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live what you believe, and teach by example.

~ Daryl Ryman ~

From the GTG Garden and Greenhouse

Dava and I tried our hand at making a video showing how to cut and trim a Brugmansia for winter storage. It turned out rather nicely and is available on the GTG facebook page and YouTube.
The greenhouse is nearly full, brugmansia are rooting; canna, peonies, and hellebore are growing and the coneflowers are starting their winter dormancy cycle. All is in harmony with Mother Nature here! One exciting event for me is registering my newest Brugmansia. It's a beauty, a triple cream to pale peach with a citrus sccent. Tall, very tall and loaded with flowers - check out the pictures on the Brugmansia page!

Happy Thanksgiving, Belle

Green Thumbs Galore LLC

Winterizing Brugmansia

by Dava Stewart

The first time I saw a photo of Belle’s brugmansias in bloom, I thought the flowers looked like fairy dresses. Later on, I found out that lots of people call them angel’s trumpet because of those spectacular flowers. But, being stubborn, I still think they look like fairy fashions.

Like many hobbyists, I am immediately suspicious of any flower that seems too pretty. I imagine that any plant that puts on an especially dramatic show must be difficult to keep alive. So, for several years, I admired Belle’s photos, but never considered adding a brugmansia to my own garden.

This spring though, when I added a small pond and tripled the size of my growing area, I also decided to take the plunge and “risk” getting a brug (and a peony, but that’s a different story). Belle sent me home from the Spring Driveway Sale with pot containing my very own Painted Lady (which she tells me is the easiest brugmansia to grow).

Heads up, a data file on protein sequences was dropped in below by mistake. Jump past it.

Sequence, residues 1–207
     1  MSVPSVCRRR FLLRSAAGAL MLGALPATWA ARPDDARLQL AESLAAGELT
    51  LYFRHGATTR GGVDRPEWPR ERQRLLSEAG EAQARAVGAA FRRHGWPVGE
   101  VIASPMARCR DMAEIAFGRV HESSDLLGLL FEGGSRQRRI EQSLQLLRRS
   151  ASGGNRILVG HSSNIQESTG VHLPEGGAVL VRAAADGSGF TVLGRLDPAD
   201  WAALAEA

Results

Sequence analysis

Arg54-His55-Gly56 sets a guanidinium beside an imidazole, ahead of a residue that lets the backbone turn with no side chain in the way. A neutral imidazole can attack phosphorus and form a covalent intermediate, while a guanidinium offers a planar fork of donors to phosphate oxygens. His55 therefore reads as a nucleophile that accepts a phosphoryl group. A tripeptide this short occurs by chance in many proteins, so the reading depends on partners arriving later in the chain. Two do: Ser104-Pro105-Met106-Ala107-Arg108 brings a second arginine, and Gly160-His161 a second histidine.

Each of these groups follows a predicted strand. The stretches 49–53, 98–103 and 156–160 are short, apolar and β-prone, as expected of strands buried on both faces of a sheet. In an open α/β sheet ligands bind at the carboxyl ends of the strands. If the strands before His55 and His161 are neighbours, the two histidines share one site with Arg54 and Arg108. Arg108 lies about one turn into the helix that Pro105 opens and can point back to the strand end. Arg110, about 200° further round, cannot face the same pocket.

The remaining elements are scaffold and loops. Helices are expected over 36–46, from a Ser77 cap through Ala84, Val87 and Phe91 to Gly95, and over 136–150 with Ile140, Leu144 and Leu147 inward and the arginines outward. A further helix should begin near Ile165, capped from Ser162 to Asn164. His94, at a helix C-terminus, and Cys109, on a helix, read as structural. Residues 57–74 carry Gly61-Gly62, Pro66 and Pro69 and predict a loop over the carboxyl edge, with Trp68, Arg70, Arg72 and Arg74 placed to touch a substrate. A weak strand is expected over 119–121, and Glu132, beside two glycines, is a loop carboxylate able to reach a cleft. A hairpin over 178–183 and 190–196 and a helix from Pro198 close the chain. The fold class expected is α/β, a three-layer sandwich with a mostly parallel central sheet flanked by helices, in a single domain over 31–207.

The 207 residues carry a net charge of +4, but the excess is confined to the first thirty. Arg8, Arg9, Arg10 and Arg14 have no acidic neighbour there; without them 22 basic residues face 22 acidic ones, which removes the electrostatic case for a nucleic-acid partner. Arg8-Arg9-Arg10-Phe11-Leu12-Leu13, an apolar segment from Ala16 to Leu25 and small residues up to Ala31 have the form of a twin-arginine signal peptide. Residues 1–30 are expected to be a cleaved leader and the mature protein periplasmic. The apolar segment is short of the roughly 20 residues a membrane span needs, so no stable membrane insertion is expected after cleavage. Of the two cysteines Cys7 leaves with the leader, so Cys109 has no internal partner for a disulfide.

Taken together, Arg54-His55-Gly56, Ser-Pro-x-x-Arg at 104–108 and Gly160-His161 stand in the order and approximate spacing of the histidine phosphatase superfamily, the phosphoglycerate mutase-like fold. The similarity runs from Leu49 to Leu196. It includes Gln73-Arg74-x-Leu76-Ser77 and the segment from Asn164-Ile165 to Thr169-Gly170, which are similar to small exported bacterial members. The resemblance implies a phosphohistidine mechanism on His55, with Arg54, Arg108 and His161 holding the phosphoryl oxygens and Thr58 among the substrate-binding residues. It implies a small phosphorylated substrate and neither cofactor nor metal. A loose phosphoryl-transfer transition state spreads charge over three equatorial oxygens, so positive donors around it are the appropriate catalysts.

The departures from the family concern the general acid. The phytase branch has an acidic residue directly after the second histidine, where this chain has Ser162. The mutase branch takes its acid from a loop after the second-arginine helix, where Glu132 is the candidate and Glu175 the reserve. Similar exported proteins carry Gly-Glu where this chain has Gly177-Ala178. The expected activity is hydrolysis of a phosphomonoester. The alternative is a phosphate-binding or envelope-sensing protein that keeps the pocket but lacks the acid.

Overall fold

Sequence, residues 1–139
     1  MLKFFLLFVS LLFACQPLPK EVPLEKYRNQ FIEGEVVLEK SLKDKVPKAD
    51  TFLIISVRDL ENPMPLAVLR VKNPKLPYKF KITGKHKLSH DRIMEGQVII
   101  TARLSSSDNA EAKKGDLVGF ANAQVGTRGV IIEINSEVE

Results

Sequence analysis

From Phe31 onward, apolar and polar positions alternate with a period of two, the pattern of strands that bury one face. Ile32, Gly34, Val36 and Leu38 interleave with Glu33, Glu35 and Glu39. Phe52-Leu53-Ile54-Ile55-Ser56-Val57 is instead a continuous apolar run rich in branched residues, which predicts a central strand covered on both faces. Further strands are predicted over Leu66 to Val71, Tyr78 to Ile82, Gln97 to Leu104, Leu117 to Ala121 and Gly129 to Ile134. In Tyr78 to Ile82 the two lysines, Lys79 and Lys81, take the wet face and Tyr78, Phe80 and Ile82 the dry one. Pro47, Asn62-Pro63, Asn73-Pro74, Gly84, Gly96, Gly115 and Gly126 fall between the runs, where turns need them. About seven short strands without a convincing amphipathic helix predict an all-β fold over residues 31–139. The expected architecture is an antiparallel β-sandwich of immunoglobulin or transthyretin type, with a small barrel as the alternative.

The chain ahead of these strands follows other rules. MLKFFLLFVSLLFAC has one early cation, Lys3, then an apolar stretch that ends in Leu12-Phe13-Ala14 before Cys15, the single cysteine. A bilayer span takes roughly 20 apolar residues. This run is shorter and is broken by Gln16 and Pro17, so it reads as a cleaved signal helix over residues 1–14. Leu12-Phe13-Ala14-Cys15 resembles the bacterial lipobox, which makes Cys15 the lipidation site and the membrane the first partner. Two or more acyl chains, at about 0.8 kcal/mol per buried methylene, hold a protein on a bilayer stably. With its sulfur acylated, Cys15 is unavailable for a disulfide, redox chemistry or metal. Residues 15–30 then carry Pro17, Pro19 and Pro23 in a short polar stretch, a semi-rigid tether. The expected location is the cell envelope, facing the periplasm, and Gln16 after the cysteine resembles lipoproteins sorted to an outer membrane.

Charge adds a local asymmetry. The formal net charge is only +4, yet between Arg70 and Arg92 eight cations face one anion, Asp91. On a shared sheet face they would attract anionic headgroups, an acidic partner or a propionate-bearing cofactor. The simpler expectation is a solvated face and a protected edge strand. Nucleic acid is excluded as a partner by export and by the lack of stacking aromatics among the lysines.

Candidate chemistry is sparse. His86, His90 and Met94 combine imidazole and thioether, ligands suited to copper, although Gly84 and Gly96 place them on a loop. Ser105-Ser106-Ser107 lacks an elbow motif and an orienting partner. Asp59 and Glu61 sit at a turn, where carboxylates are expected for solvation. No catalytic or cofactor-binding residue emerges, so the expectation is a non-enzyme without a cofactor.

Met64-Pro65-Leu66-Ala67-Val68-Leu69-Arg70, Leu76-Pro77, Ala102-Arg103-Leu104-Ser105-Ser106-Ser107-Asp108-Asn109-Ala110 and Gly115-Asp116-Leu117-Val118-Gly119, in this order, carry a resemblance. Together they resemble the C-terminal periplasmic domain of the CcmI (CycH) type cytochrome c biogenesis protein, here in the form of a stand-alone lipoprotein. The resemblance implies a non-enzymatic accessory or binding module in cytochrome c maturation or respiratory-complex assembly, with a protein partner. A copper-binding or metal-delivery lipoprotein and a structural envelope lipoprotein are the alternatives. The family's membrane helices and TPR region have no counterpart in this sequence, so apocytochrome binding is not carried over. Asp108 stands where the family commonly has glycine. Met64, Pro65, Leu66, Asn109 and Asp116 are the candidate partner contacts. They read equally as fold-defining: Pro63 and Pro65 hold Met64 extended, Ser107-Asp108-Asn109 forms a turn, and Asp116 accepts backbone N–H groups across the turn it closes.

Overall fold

All summer it grew, lush and green, with huge leaves. One of my friends kept asking me, “Is it ever going to do anything, or is it just going to turn into a bush?” I was beginning to wonder. Then, in September, it formed buds. They looked like okra pods. It took a good two weeks from when I first noticed the buds for the flowers to begin to emerge, and then they did so slowly, over a period of a couple of days.

At first, the flower was skinny, and white, with curly tendrils at the bottom. As it opened, those tendrils spread and rose, so they appeared to float, and the flower turned a lovely pink. The blooms were probably a good 10 inches long from the stem to the bottom of the flower. The pink deepened with each day, until it was almost a dusky rose color. When my friend came to visit she was so impressed she took pictures.

About halfway through October, the brug was still blooming along happily, but I was beginning to be concerned about frost. Belle assured me there was no need to worry until the temperature dropped below 30 degrees or so. She also invited me to her house for a lesson in how to prepare the plant for overwintering.

It is a far simpler process than I would have imagined. Here are the basic steps:

  • If your plant is really tall, cut off 5-6 foot sections of the branches with a set of sharp clippers.
  • Strip the leaves. They come off really easily, but feel free to snip them if you want.
  • Brugmansia is semi-woody, as you will be able to plainly see when you have all the leaves stripped off the stalk. You want to save the part that is brown and chop off the floppy, green part; you can then toss it out with the leaves.
  • Take your stalks and stick the bottoms into a bucket or other container. Belle has so many brugs, she needs a few five gallon buckets. I have so few that a good sized vase is doing the trick.
  • Put 3-5 inches of water in the bucket.
  • Put the bucket in a dark, unheated room where it won’t freeze. A garage, a closet, a shed -- somewhere sheltered but chilly.
  • Every couple of weeks or so, make sure there is still some water in the bucket.
  • If leaves start growing, strip them off and put the bucket somewhere a little darker and/or cooler.
In the spring, Belle tells me that the stalks will have roots, and that I should just stick them right back in the ground. After the lesson, she added two stalks from Brugmansia New Orleans Lady to my collection. If I remember to water them over the winter, next year there will be two kinds of huge, fabulous brugmansia blooms in my garden, inspiring me to daydream about the fairies who would wear them to dance in the moonlight at the fairy ball.


November in the Garden
Practical & Pretty Holiday Gift Ideas for Gardeners:

Funny Plant Signs:
Wind Chimes:
Bird Feeders :